Sky viewers could soon see Discovery’s portfolio of 12 channels – including Discovery, Animal Planet, Eurosport, Investigation Discovery, DMAX, Home and Health and Discovery Turbo – vanish from their EPGs after the two broadcasters failed to reach agreement on a new carriage deal.
Like all commercial channel owners, Discovery charges TV operators such as Sky for the right to offer their channels to subscribers, the pay-TV firm then recoups the cost through the prices it charges each subscriber.
In a statement issued on Wednesday night, Discovery says talks to agree a new deal with the UK’s largest pay-TV brand “have reached an impasse” and accuses Sky of using “its dominant market position” to avoid paying a fair price for its channels and content.
According to Discovery, the firm is now paid less than it was 10 years ago, despite the fact that Sky households are paying much more than they did in 2007.
Discovery says this situation ignores the growth in its channels’ popularity – over the past decade they have increased their share of viewing on the Sky platform by more than 20% – and makes it harder to justify and recoup its increased investment in original content and new channels.
Channels owners have long privately complained that Sky squeezes them on price and this is said to have worsened since its last premier league bid, with the need to finance the £4.1bn deal seeing Sky seek to cut content and other costs in order to protect margins while avoiding the need to pass the full price of the football deal on to consumers.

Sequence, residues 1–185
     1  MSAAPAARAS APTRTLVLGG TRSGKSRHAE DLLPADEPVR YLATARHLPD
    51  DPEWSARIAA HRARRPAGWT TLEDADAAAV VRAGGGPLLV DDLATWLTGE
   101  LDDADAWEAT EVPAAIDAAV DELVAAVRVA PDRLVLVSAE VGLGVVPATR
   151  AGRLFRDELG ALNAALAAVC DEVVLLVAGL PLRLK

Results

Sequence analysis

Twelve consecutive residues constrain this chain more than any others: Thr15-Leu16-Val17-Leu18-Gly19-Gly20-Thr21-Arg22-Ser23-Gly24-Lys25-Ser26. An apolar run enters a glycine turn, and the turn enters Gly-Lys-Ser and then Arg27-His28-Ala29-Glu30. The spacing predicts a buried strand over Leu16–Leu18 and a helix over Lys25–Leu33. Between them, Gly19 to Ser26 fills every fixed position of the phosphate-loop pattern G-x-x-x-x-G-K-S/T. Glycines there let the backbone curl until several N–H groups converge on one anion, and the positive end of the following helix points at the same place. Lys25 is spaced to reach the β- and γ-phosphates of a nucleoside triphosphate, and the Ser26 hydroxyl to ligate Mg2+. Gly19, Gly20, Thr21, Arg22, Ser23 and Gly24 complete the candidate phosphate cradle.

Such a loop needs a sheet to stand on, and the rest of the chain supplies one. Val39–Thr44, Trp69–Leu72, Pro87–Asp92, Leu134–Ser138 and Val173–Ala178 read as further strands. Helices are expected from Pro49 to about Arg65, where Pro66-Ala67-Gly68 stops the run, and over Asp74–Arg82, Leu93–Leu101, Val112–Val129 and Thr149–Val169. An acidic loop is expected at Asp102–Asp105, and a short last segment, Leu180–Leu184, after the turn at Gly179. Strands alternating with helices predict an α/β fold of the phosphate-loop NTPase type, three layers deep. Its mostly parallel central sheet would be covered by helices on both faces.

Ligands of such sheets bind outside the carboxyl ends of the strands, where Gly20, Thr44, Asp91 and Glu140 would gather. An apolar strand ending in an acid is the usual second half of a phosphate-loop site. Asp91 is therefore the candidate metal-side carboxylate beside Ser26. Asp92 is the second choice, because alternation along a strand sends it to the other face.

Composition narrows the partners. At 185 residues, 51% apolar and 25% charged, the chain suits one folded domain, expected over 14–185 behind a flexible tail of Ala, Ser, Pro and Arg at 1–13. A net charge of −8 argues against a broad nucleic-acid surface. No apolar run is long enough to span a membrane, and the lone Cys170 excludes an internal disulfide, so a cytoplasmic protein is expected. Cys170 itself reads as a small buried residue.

Although Discovery hasn’t said how much Sky is offering or what it’s seeking for the channels, its decision to issue a public threat suggests a substantial gap between the two sides.
In its statement, the firm accuses Sky of “limiting consumer choice and hurting independent broadcasters like itself” and says that unless a better offer is forthcoming, the channels “could disappear from Sky and NOW TV households after January 31st.”
Such blackouts are common in the US where channels frequently vanish as part of negotiations between platforms and broadcasters but rare in the UK. In 2007 talks broke down between Virgin Media and Sky, resulting in the firm’s lineup of entertainment channels vanishing from the cable platform for 18 months.
Susanna Dinnage, Managing Director of Discovery Networks UK and Ireland, said: “We are proud to be an independent network of channels that works hard to bring real-world first class channels and programmes to viewers in the UK for nearly 30 years, offering quality and variety to pay television.
“Our portfolio of channels caters to a wide range of personal tastes and interests from adventure, natural history, science and sports to extraordinary people, families, weddings, and true crime.
“From Racing Extinction, Gold Rush, Say Yes to the Dress UK to Cake Boss and Warrior Apes which is launching later this year, we create shows that make people’s worlds bigger.”
“We believe Sky is using what we consider to be its dominant market position to further its own commercial interest over those of viewers and independent broadcasters.